But while many of us live to regret not asking for a reshoot on photo day, one 17-year-old New Yorker decided he would take matters into his own hands.
Unhappy with his potential yearbook picture, James Charles from Bethlehem, New York, retook his senior year photos to make sure everyone remembered just how on fleek his highlighting skills really are.
A photo posted by JAMES CHARLES (@jcharlesbeauty) on
The aspiring makeup artist told BuzzFeed News that on the day of the original yearbook photoshoot the available lighting did not do his makeup justice – hate that – and so James decided to organise a shoot of his own.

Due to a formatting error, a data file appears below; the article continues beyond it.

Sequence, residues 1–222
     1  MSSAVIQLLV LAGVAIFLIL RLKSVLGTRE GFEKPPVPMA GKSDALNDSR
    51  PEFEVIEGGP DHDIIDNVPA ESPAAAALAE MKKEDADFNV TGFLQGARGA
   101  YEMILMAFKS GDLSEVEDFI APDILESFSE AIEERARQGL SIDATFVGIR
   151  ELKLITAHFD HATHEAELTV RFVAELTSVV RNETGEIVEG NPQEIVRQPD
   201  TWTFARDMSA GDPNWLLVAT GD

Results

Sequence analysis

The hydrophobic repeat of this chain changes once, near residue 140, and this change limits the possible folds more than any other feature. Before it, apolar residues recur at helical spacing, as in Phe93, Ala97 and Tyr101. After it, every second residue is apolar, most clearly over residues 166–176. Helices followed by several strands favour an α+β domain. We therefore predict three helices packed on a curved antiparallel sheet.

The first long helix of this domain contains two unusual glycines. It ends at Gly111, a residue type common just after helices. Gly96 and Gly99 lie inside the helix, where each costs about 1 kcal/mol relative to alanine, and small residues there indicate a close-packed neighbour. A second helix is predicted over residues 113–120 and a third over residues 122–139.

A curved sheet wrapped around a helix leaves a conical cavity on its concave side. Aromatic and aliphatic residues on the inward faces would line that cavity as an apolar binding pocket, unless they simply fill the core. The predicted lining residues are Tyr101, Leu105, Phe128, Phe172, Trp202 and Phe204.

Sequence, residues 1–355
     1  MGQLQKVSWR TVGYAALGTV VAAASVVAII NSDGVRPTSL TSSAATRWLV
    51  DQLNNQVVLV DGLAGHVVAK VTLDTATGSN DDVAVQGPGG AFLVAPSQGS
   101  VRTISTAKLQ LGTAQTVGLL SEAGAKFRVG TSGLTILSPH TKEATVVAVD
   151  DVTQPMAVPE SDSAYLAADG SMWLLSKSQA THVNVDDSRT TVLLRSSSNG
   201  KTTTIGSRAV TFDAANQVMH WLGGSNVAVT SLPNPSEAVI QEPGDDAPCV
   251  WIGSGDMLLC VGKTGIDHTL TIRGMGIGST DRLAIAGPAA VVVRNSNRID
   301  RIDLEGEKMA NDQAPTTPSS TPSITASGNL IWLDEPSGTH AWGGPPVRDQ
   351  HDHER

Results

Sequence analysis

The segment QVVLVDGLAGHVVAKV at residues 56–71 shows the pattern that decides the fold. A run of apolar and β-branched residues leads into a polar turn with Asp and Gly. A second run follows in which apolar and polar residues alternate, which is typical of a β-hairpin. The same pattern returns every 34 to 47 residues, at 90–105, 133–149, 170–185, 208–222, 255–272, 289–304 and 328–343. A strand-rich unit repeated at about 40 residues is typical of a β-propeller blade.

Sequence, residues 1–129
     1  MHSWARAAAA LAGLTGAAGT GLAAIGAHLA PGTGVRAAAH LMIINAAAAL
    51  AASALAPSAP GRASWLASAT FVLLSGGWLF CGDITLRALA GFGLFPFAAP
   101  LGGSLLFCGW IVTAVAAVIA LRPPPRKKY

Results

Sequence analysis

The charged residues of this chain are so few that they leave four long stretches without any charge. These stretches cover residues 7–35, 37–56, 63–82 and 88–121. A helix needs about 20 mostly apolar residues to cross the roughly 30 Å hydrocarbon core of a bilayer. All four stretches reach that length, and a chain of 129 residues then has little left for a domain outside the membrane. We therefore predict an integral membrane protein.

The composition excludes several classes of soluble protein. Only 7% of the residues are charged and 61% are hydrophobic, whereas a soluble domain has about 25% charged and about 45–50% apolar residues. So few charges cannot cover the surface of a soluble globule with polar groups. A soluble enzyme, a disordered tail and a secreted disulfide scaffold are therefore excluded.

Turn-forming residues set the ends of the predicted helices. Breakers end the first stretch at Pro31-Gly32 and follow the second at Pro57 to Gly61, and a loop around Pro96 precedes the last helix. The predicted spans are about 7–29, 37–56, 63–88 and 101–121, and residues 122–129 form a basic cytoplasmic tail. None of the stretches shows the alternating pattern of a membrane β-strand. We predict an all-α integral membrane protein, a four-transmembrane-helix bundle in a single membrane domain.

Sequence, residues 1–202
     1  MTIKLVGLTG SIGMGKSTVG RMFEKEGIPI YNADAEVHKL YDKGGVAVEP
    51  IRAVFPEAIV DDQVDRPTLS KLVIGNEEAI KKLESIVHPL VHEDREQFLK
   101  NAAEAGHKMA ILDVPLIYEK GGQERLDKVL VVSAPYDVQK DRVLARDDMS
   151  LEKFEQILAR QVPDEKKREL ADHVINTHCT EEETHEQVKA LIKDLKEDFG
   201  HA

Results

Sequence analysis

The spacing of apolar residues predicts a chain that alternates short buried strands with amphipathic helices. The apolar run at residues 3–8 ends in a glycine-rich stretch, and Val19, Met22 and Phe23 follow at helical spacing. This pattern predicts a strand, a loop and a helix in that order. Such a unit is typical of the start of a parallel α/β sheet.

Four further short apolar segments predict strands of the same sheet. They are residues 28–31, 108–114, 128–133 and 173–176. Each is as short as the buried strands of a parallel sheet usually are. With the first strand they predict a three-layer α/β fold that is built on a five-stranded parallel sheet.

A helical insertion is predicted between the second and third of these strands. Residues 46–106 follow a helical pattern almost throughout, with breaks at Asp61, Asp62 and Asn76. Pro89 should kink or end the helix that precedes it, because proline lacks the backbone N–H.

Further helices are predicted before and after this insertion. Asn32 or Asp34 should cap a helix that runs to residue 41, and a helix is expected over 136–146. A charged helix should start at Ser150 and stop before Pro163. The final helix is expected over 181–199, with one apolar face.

Desperately in need of an “iconic” senior year picture, the teen quickly sourced a photography company who would allow him to use a ring light – a tool used by makeup artists and bloggers to ensure photos really do their skills justice – and had the photos retaken.
James was so impressed with the final results he took to Instagram to share his experience.
In a post which has since received almost 100,000 likes and nearly 5,000 comments, he wrote: “So I retook my senior photos & brought my ring light with me so my highlight would be poppin. I love being extra.”
A tweet about the incident received a similar reaction, with even former Disney star Zendaya coming out to celebrate the move. She retweeted James’ story with the caption “you win”.